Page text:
Abstract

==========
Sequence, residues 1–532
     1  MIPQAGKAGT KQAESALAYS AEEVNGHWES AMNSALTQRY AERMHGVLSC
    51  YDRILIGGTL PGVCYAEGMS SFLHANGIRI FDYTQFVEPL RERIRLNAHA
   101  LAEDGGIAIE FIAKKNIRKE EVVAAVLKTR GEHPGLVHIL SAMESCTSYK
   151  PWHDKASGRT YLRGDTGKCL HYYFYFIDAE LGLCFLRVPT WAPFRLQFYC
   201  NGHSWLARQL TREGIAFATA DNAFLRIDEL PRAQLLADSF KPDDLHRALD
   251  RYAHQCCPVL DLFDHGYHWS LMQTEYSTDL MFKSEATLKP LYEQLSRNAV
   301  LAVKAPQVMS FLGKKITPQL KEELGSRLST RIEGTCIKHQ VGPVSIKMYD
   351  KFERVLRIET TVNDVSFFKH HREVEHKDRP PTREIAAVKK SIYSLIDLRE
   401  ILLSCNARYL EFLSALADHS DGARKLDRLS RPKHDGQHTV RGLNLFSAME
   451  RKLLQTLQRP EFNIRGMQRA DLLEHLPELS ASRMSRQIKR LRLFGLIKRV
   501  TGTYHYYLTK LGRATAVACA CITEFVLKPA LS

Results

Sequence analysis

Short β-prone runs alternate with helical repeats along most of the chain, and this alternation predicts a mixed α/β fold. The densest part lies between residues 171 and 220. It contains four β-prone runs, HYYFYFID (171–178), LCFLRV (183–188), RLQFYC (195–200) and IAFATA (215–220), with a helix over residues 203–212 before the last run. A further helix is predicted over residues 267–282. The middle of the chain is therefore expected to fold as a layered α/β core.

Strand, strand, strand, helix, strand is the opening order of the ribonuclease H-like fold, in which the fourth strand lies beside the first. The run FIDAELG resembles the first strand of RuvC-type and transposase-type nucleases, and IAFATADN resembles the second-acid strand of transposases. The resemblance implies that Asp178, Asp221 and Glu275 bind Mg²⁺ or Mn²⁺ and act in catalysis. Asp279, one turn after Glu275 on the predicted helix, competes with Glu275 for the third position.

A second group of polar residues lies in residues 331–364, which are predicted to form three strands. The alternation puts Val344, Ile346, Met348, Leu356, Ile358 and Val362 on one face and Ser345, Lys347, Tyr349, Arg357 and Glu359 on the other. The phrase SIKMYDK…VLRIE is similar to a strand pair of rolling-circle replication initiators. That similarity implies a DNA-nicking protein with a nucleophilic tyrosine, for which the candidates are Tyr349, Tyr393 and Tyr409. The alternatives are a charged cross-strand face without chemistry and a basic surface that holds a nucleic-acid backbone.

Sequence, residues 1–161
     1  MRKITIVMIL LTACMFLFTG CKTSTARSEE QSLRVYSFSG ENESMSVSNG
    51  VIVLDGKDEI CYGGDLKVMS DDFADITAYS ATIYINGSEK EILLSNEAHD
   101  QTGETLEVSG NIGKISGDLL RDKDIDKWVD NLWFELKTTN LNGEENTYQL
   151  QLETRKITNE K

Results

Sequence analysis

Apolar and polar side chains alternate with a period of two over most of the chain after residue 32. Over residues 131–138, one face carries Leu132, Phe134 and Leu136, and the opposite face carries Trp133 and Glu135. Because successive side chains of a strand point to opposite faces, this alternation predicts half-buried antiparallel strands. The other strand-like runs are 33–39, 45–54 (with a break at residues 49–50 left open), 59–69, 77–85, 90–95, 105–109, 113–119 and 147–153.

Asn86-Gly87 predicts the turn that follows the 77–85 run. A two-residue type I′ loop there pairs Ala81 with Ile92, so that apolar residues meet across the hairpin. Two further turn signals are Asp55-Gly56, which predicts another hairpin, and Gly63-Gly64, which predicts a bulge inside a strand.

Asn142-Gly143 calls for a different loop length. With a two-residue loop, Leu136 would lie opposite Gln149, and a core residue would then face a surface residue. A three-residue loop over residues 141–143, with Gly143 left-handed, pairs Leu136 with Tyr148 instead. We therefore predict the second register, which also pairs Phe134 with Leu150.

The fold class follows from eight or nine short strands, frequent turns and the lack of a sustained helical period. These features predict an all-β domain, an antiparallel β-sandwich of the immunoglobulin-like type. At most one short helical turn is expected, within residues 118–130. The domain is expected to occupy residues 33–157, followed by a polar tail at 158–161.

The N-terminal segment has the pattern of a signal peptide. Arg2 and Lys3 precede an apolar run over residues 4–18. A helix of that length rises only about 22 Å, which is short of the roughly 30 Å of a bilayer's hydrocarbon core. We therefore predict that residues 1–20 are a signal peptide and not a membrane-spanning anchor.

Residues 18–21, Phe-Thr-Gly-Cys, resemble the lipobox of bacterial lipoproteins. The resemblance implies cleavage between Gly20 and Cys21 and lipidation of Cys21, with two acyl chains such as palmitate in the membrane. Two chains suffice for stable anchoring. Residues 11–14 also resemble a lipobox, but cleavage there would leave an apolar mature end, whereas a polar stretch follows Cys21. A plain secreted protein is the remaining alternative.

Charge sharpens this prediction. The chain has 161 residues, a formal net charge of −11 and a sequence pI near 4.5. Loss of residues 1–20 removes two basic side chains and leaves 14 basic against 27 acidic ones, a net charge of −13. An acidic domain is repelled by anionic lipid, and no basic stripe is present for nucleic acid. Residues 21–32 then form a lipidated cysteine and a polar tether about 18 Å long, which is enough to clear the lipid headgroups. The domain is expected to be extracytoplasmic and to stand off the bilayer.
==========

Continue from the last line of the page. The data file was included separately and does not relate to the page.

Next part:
Here we report a locality containing exceptionally preserved (soft-bodied) fossils of mid-Late Ordovician age from the geologically complex Martinsburg Formation in central Pennsylvania. The fossils, which resemble specimens from Burgess Shale-type deposits, include enigmatic specimens (problematica) and phyllocarid arthropods (with preserved appendages) which are associated with graptolites. The locality is notable for preservation of a low diversity community of soft-bodied planktic animals, likely captured and rapidly buried by a turbidity current. The problematica lack sufficient anatomical detail for confident systematic placement; however, they can be superficially compared to a number of possible metazoans including: nominally/non- shelled mollusks (including veligers), cnidarians, lophophorates, or possibly aberrant tube-dwelling priapulids or polychaetes. Overall, the problematica may belong to one (or several) extinct clades or some unknown clade of animal life. The complex geologic history of the region has reduced the resolution of the problematica's original exceptional preservation, yet the fossils retain many key features. Hence, this locality has implications for our understanding of exceptional preservation, its alteration over geological history, and the planktic communities of “The Great Ordovician Biodiversification Event” (GOBE) in the planktic realm.

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